Labour Decision Underscores Limits on Drug, Alcohol Testing


Workplace Wire reports that, on the heels of the Supreme Court of Canada June ruling in Irving Pulp and Paper, which severely limited the circumstances when random drug and alcohol testing is permissible in the workplace, an Ontario arbitrator recently held that mandatory pre-access alcohol and drug testing is an unreasonable exercise of management rights. The testing violates the privacy rights of employees, and constitutes an infringement of the Ontario Human Rights Code, the arbitrator found.

For employers, this decision adds another restriction on testing programs. It identifies strict methods for employers to implement random and pre-access testing to maintain a safe environment in safety-sensitive workplaces.

The grievance in Mechanical Contractors Association Sarnia (MCAS) v. United Association of Journeymen and Apprentices Of The Plumbing & Pipefitting Industry of the United States and Canada, Local 663 (UA) arose when MCAS decided to comply with another company’s policy that requires contractors to undergo mandatory pre-access alcohol and drug testing.

In assessing that policy, the arbitrator balanced the various competing interests between the employer and the employees. When interpreting a decision by management to implement a policy outside of the negotiated terms of a collective agreement, a balance must be struck between the safety interests of employers and the privacy rights, liberty, and personal autonomy of employees, the arbitrator found.

In Irving Pulp and Paper, the employer’s interests prevailed and a drug testing program was found to be justifiable, where there is reasonable cause to believe that an employee was impaired while on duty (reasonable cause testing); when an employee is involved in a workplace accident (non-random post-incident testing); or when an employee returns to work following treatment for substance abuse.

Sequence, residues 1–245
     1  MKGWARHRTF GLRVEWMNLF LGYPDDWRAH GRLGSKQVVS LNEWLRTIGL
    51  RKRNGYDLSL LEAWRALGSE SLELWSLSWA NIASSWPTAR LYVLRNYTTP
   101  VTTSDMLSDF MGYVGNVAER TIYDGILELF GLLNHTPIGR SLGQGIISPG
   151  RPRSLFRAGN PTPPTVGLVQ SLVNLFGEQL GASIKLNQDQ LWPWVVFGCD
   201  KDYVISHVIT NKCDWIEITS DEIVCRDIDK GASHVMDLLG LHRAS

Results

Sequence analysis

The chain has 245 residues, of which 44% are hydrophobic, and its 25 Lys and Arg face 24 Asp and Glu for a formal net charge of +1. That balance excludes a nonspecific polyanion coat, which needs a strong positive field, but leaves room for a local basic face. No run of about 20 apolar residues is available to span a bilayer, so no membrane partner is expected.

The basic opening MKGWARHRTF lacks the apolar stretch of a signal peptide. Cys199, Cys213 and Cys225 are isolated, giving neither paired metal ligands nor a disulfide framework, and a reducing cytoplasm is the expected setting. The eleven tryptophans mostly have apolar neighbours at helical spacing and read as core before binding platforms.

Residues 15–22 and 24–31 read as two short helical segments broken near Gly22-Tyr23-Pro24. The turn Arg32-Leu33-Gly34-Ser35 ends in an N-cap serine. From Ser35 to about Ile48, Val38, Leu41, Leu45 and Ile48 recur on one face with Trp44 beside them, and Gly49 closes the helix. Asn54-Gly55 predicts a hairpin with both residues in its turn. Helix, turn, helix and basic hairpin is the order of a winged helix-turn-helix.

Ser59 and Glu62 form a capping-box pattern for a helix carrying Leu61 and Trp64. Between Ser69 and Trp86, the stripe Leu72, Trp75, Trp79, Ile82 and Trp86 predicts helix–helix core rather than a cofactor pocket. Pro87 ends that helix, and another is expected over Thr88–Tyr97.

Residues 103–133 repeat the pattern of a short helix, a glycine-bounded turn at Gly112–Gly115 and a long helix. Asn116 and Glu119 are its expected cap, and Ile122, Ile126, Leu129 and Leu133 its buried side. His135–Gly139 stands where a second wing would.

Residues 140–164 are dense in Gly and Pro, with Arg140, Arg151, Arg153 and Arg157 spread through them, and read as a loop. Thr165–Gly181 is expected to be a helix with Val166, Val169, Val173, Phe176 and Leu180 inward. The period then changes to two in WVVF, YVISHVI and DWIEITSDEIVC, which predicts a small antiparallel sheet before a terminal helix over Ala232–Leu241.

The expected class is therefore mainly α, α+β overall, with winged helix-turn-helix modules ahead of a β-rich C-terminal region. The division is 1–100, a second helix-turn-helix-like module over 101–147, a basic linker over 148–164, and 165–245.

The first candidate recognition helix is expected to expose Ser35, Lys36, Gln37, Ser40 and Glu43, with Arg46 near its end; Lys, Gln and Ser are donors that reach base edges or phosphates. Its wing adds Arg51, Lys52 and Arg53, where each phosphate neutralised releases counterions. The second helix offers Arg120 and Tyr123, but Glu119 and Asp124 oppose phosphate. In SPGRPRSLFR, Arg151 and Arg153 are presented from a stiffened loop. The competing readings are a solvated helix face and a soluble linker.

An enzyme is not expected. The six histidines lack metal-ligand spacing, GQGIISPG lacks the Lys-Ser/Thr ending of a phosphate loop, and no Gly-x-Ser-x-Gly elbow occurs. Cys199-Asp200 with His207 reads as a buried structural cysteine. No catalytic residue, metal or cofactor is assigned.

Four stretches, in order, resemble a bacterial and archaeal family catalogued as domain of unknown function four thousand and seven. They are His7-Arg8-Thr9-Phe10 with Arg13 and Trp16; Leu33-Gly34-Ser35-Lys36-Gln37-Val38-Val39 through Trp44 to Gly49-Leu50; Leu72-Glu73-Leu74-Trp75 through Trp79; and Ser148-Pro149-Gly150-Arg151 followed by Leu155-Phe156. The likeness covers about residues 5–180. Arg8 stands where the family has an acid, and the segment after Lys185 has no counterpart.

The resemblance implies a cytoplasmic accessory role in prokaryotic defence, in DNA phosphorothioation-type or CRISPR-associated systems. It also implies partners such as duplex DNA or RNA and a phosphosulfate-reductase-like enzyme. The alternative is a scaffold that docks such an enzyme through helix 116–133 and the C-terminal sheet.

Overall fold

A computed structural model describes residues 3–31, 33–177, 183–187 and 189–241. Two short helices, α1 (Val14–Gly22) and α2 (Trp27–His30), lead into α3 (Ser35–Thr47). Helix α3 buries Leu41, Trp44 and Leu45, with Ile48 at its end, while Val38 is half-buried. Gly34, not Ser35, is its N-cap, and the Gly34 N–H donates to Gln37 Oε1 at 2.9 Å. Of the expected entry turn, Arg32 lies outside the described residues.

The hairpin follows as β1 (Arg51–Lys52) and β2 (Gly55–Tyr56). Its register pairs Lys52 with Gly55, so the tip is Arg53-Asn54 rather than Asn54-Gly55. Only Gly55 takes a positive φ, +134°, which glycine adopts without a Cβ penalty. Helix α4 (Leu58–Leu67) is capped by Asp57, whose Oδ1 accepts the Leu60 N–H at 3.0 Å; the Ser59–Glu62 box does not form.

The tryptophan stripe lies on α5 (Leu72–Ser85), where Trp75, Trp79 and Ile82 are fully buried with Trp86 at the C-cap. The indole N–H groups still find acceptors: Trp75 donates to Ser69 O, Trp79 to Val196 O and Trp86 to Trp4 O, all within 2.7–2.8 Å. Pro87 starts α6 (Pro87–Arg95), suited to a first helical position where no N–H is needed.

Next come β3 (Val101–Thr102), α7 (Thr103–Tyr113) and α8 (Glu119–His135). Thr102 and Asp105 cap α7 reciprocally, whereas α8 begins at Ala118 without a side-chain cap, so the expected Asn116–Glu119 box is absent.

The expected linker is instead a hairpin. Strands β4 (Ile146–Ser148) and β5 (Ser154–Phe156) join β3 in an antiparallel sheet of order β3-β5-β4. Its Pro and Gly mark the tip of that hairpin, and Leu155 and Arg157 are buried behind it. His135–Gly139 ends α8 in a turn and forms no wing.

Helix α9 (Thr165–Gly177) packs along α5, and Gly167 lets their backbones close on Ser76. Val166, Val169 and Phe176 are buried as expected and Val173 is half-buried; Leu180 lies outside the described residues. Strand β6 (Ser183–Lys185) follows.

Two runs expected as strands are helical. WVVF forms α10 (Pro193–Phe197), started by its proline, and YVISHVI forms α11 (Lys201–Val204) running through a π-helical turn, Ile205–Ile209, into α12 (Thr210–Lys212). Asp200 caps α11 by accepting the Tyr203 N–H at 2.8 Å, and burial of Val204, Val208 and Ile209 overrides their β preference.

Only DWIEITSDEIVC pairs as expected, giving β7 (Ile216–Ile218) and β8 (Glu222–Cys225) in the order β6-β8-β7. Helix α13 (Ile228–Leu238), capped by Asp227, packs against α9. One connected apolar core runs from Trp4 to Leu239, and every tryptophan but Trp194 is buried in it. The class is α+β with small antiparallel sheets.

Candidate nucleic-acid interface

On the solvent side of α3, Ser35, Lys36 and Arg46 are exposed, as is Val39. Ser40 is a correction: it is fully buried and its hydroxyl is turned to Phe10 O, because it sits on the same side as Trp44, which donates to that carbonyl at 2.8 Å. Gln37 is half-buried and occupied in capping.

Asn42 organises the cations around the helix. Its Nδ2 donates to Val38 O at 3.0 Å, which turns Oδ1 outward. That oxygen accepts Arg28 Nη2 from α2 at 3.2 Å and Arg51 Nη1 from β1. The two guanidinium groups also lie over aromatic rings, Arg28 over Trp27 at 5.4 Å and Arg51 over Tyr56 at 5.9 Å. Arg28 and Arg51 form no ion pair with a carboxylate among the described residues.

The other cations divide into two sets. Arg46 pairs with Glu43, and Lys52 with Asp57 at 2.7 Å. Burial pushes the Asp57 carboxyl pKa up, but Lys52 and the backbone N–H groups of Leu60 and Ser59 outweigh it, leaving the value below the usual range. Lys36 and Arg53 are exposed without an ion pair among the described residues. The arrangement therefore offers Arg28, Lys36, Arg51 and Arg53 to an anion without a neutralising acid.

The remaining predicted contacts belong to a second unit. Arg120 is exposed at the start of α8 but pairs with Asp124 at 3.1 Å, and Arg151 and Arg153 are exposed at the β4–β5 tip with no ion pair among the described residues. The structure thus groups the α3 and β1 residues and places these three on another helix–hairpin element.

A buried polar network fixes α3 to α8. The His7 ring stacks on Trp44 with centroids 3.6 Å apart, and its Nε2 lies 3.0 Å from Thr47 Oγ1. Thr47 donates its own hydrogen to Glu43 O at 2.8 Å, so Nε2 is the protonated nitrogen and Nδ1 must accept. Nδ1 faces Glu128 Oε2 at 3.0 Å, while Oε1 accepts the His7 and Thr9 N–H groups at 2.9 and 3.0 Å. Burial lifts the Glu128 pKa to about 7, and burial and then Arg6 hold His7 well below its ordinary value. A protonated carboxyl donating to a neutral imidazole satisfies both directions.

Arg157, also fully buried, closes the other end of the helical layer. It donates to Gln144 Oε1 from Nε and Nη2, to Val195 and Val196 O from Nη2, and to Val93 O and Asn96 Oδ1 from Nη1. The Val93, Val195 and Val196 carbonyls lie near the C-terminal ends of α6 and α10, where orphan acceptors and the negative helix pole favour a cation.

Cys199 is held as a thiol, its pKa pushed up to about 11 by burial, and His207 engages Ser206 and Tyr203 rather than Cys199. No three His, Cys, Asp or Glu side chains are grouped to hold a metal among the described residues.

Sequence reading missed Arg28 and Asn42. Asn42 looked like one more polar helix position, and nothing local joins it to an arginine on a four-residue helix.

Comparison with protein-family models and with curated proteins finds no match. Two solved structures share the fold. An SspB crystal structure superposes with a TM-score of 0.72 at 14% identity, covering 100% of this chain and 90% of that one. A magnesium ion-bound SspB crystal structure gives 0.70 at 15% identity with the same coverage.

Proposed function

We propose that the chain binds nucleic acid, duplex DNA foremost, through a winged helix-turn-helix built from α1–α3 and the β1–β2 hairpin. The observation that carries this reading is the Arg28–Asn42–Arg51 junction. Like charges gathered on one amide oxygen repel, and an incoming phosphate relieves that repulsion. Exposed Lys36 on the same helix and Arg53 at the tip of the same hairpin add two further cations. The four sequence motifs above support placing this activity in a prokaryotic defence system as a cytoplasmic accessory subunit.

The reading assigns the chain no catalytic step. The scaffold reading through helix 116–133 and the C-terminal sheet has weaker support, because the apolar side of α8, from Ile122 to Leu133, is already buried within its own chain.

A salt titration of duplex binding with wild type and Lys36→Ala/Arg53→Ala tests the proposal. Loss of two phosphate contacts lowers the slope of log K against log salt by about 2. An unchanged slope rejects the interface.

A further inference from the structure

While evidence that demonstrates extenuating circumstances will vary from case to case, that evidence must be workplace-specific, cogent, direct, and not anecdotal. An employer must demonstrate that testing will actually improve workplace safety, the arbitrator found, noting that this is the high threshold intended in Irving Pulp and Paper.

In the recent grievance, the arbitrator found that there had been no history or current issue with alcohol or drug-related incidents.

No statistical correlation exists to show a decrease in workplace injuries when a testing program is in place and the testing programs are not an indicator of an employee’s post-testing behaviour, the decision notes. An employer would need to show a history of alcohol or drug-related incidents at the particular workplace.

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